Re: Obtaining densest x% of a Bivariate Distribution

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• Subject: [mg127483] Re: Obtaining densest x% of a Bivariate Distribution
• From: Scott Fortmann-Roe <scottfr at gmail.com>
• Date: Sat, 28 Jul 2012 02:41:00 -0400 (EDT)
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```Thank you for the reply.

I meant BinormalDistribution instead of BinomialDistribution. In any event,
after further investigation it looks like what I want is not quickly
possible in Mathematica. It appears the only way to do it is to carry out
an evaluation of the PDF across a fine grid and then identify the densest
portions of evaluated grid. It works, but computationally it is too slow
for my needs (this process needs to be repeated many times across many
distributions).

-Scott

On Fri, Jul 27, 2012 at 6:13 PM, Tomas Garza <tgarza10 at msn.com> wrote:

> distribution. Second, a polygon is always a connected region (if that's
> what you mean by continuous region). Now, if you mean a univariate
> distribution, such as the binomial, then I would guess you are looking for
> the shortest interval in the support of the distribution which encloses x%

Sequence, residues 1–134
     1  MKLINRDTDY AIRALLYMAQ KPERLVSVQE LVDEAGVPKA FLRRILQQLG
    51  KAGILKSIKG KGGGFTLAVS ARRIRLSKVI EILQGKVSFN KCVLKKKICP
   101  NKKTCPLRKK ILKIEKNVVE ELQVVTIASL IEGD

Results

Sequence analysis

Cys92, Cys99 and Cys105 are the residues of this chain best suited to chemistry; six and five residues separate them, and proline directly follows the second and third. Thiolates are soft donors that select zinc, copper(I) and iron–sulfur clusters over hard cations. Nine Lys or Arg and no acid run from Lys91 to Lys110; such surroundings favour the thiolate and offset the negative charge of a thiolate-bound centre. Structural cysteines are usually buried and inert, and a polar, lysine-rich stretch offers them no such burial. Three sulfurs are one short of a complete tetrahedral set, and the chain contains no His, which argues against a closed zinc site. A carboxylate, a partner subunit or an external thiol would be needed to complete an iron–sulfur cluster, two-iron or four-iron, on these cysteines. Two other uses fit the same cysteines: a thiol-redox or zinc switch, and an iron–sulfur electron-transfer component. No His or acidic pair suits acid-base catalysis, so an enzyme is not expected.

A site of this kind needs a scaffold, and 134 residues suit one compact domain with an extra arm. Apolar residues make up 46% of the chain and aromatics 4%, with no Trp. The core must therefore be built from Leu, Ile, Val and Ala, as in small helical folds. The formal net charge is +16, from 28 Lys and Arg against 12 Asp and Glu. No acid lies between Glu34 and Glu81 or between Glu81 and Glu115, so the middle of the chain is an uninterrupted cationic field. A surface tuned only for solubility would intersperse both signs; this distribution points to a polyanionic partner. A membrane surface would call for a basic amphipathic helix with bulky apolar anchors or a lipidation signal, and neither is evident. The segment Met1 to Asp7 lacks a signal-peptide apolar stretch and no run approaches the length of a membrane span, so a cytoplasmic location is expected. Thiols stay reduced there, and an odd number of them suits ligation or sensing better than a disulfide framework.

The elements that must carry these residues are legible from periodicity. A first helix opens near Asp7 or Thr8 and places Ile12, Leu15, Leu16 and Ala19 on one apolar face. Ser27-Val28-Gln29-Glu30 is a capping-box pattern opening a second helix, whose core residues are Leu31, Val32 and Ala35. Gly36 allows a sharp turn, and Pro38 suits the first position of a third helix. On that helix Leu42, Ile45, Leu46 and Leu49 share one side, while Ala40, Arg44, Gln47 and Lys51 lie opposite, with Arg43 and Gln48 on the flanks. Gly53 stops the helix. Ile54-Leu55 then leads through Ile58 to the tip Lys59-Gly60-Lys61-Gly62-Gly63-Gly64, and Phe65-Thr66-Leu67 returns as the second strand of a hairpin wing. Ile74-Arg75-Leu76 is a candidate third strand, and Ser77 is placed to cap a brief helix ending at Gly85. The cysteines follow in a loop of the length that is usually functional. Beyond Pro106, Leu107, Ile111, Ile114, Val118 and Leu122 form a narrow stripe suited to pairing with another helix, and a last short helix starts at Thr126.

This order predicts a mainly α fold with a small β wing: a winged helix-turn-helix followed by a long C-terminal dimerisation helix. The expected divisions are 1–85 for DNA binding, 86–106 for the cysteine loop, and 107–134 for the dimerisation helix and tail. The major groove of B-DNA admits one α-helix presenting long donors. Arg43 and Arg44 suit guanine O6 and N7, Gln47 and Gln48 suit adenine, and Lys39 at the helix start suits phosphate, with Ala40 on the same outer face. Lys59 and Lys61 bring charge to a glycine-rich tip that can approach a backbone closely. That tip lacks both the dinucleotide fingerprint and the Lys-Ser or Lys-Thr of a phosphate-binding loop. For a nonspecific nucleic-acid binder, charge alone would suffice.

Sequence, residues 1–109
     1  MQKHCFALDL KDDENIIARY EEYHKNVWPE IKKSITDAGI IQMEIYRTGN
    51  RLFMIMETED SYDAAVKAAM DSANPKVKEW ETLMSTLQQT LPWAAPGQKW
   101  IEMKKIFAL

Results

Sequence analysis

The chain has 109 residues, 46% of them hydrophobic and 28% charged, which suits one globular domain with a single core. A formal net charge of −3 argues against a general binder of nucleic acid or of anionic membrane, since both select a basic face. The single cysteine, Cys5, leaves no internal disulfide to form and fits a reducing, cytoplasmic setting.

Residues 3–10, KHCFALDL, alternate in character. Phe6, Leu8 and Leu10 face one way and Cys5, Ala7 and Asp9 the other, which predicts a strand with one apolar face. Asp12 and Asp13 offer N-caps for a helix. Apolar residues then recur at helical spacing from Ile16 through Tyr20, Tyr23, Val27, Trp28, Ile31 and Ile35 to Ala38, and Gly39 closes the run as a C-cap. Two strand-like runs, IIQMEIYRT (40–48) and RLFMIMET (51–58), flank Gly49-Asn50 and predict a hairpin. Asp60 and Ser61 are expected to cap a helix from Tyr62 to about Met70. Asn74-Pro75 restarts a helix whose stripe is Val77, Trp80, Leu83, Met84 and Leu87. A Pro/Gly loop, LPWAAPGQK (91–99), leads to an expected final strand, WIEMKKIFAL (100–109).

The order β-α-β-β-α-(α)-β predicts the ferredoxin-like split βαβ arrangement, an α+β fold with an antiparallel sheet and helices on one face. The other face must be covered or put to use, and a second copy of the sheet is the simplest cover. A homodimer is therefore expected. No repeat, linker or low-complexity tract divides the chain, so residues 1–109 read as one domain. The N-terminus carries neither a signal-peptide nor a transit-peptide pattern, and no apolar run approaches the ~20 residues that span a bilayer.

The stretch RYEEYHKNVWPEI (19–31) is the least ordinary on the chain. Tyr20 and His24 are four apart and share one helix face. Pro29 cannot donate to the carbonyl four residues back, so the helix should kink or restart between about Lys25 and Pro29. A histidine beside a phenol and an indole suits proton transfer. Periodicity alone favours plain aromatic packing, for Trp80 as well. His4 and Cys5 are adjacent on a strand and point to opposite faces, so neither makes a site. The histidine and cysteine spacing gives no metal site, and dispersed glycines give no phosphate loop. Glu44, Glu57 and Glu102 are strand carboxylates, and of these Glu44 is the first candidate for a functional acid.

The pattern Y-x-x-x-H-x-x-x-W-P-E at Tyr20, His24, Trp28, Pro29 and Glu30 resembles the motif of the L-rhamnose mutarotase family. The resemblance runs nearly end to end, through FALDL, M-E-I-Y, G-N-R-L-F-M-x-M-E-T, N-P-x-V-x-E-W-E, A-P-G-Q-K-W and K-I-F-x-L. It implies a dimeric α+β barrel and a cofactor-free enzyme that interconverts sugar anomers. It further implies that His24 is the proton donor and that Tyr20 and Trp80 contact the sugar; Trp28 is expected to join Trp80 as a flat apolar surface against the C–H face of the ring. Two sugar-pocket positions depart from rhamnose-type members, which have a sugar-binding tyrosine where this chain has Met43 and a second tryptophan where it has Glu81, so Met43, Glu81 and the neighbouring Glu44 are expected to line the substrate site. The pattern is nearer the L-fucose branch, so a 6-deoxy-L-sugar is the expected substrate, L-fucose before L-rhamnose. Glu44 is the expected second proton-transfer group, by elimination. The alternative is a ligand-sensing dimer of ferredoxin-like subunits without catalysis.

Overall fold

> of the probability. You won't find an interval that satisfies this
> condition for an arbitrary x. Take, for instance, BinomialDistribution[50,
> 0.5], and tabulate it for a number of integral intervals. There is no
> interval which encloses precisely 95% of the probability.
>
> Clear[f]; f[k_]:=CDF[BinomialDistribution[50, 0.5], k];
>
> Then take a close look at the following table:
>
> Table[{{j, k}, f[k]-f[j]},{j,10,22},{k,30,41}]
>
> -Tomas
>
>
> > From: scottfr at gmail.com
> > Subject: Obtaining densest x% of a Bivariate Distribution
> > To: mathgroup at smc.vnet.net
> > Date: Thu, 26 Jul 2012 03:36:25 -0400
> >
> > Hi,
> >
> > If I have a bivariate distribution such as,
> >
> > BinomialDistribution[50, .5]
> >
> > How do I obtain the polygon that encloses that densest x% of the
> > distribution. For example, what Mathematica functions would I use to
> > get the most compact polygon (which may or may not be a continuous
> > region and may or may not contain holes) that encloses 95% of the mass
> > of a bivariate normal distribution or a bivariate mixture function.
> >
> > Thank you,
> > Scott
> >
>

```

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